Michael Tooley and Mary Anne Warren proposed a view of reality called body-self dualism in the 1980s. This argument proposes that biology alone does not confer moral status to a human being and personhood is acquired with consciousness, concluding that human fetuses should not be considered a person and therefore do not have moral status and the right to life.[7],[8] This argument was buttressed by Alberto Giubilini and Francesca Minerva, who also deny moral status to newborns because they lack the properties that justify an individual’s right to life.[9] These arguments are based on arbitrary limits that define personhood, including the physical development of a heartbeat, developmental milestones like the ability to feel pain, or the development of consciousness, such that being deprived of life would represent a loss to oneself. This utilitarian argument has permeated legislation regarding abortion and the legal framework of the last 50 years.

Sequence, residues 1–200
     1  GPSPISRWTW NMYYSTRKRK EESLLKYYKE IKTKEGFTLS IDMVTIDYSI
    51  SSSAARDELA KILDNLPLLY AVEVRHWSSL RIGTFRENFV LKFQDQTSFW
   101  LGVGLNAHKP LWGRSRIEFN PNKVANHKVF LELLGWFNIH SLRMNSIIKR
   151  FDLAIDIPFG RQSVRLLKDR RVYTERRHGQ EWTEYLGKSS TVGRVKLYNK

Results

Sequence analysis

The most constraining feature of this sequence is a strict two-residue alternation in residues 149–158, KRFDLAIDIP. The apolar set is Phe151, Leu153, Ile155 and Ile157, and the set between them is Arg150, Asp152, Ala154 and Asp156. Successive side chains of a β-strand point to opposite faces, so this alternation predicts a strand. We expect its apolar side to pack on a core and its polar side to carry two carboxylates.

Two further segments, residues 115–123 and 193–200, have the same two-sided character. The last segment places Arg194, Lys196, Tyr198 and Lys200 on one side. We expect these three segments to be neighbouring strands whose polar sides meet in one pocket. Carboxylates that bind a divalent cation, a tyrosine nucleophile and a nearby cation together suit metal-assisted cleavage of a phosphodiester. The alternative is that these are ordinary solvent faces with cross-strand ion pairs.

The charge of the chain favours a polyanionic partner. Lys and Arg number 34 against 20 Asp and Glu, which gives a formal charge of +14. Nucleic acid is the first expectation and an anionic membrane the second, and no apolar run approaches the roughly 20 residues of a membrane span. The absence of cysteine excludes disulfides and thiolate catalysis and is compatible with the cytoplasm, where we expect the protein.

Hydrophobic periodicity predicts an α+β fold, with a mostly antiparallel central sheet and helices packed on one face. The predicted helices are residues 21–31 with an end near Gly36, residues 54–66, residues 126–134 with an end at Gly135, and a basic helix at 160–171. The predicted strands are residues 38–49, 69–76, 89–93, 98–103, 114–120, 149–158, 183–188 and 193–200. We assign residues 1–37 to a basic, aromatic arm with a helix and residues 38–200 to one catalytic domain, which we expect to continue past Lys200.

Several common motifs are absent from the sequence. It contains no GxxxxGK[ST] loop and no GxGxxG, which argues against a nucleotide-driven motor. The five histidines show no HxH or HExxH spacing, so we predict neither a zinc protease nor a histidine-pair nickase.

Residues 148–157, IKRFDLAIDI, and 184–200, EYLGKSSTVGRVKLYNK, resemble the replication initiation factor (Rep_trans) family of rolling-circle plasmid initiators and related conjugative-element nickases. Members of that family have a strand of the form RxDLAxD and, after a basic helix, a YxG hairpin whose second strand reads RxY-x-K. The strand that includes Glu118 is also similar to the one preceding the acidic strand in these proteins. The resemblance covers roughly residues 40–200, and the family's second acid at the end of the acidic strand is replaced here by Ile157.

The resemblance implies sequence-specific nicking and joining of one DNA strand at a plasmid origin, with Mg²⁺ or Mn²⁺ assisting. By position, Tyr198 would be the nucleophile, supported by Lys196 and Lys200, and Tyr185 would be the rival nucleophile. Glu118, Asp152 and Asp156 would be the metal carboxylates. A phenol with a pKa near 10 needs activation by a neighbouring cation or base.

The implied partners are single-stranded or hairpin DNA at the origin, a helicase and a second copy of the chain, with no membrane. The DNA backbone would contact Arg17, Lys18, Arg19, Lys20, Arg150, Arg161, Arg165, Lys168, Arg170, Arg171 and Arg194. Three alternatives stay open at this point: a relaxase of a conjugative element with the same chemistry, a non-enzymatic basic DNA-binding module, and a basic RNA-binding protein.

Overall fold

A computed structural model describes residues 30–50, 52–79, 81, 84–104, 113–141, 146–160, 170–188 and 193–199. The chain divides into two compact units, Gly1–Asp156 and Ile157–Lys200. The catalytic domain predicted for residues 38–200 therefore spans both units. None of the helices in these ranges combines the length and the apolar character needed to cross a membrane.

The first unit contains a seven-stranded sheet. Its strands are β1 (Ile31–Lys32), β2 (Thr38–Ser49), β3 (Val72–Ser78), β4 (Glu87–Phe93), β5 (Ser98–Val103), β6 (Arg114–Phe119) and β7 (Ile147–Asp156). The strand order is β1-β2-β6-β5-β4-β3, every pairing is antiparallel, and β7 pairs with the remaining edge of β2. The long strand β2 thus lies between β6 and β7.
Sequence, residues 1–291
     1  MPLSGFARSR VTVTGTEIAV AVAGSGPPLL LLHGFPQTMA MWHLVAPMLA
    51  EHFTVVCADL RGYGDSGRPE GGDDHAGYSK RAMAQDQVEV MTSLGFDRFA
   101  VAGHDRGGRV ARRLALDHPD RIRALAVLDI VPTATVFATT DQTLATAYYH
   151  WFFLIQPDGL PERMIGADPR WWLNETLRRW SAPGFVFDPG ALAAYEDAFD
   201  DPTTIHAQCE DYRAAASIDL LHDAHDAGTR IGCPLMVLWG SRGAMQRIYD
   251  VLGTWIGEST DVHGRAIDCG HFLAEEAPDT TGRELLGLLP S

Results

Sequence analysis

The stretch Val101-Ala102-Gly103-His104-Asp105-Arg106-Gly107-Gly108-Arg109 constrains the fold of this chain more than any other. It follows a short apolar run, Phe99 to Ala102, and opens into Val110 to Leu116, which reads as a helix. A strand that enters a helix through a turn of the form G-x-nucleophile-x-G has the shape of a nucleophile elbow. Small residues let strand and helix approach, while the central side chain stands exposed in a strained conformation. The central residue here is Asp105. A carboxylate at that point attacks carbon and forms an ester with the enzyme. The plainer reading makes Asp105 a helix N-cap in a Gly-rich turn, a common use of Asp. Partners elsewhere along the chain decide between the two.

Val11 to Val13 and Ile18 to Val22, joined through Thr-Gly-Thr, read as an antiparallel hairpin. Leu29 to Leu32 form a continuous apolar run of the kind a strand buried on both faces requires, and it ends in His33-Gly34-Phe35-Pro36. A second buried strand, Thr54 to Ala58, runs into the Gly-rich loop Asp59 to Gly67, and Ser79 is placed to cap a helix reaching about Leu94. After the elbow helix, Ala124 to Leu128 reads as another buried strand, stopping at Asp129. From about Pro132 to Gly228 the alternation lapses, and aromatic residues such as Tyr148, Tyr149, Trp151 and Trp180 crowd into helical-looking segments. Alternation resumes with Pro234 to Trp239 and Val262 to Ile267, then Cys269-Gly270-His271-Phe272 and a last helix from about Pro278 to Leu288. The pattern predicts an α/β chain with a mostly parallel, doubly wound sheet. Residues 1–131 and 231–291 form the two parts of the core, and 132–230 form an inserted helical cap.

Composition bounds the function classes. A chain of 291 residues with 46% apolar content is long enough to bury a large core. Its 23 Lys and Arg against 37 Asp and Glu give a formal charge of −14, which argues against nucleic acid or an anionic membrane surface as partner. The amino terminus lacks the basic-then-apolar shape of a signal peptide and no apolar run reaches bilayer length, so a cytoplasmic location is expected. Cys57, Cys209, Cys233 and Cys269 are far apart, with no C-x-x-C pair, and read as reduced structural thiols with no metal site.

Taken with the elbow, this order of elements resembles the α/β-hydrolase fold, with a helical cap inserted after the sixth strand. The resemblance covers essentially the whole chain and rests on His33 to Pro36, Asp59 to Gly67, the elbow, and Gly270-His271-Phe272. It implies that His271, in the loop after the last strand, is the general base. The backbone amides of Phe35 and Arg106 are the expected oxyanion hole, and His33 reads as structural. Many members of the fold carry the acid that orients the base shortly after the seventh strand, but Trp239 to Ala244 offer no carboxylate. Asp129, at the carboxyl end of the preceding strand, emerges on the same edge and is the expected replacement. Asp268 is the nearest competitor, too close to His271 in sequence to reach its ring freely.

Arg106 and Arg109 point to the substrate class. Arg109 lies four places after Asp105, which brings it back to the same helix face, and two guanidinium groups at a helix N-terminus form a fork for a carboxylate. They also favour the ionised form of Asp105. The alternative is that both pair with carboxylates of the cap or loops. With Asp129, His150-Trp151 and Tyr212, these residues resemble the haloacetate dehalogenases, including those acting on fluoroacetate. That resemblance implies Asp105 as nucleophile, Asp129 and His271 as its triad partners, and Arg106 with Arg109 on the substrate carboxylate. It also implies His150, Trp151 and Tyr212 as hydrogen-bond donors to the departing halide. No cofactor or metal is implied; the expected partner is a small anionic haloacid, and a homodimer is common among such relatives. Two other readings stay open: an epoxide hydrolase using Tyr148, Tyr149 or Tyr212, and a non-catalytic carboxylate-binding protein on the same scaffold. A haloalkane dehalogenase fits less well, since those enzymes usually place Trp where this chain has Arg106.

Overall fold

The dualistic and utilitarian view of fetuses as non-persons without a moral claim to life is countered by an argument based on embryology. This view claims that human fetuses are simply human beings at different degrees of maturation in their species-specific developmental trajectory.[10] Robert George and Christopher Tollefsen  support this position that all persons are human animals, therefore from the moment of sperm-egg fusion within fertilization, a new human being begins existing with personhood and all the rights and dignity associated with it.[11] The same moral status would be conferred to all members of the human species in any stage of development because they share the same nature. Nature for George and Tollefsen resembled a traditional Aristotelian understanding: nature is an intrinsic, species-specific cause for an organism’s behavior including its development, capabilities, and higher order mental capacities, like consciousness, rationality and goal-seeking. Thus, even though human fetuses do not share the same capabilities or higher behaviors as adult humans due to their developmental stage, they share the same nature and  essential orientation as members of the same species, whereas other animal fetuses do not have the same developmental trajectory, despite being at the same developmental stage.